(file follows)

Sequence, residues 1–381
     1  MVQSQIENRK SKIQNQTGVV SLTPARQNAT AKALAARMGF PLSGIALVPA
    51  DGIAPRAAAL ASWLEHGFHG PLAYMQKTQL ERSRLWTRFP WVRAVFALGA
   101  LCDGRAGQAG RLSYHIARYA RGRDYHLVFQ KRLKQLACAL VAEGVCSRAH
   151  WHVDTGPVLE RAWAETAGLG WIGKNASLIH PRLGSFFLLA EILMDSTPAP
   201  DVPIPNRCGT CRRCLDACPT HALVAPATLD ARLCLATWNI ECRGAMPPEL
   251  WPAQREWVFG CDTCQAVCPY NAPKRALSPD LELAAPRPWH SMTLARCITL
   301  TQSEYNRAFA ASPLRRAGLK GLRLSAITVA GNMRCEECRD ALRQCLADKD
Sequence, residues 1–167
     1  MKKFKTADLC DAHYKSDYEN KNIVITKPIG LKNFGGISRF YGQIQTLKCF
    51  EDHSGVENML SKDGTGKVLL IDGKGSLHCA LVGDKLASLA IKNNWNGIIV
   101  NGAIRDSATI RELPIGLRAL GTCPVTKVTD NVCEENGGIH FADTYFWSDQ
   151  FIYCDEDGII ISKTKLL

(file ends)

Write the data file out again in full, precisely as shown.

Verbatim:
Sequence, residues 1–381
     1  MVQSQIENRK SKIQNQTGVV SLTPARQNAT AKALAARMGF PLSGIALVPA
    51  DGIAPRAAAL ASWLEHGFHG PLAYMQKTQL ERSRLWTRFP WVRAVFALGA
   101  LCDGRAGQAG RLSYHIARYA RGRDYHLVFQ KRLKQLACAL VAEGVCSRAH
   151  WHVDTGPVLE RAWAETAGLG WIGKNASLIH PRLGSFFLLA EILMDSTPAP
   201  DVPIPNRCGT CRRCLDACPT HALVAPATLD ARLCLATWNI ECRGAMPPEL
   251  WPAQREWVFG CDTCQAVCPY NAPKRALSPD LELAAPRPWH SMTLARCITL
   301  TQSEYNRAFA ASPLRRAGLK GLRLSAITVA GNMRCEECRD ALRQCLADKD
Sequence, residues 1–167
     1  MKKFKTADLC DAHYKSDYEN KNIVITKPIG LKNFGGISRF YGQIQTLKCF
    51  EDHSGVENML SKDGTGKVLL IDGKGSLHCA LVGDKLASLA IKNNWNGIIV
   101  NGAIRDSATI RELPIGLRAL GTCPVTKVTD NVCEENGGIH FADTYFWSDQ
   151  FIYCDEDGII ISKTKLL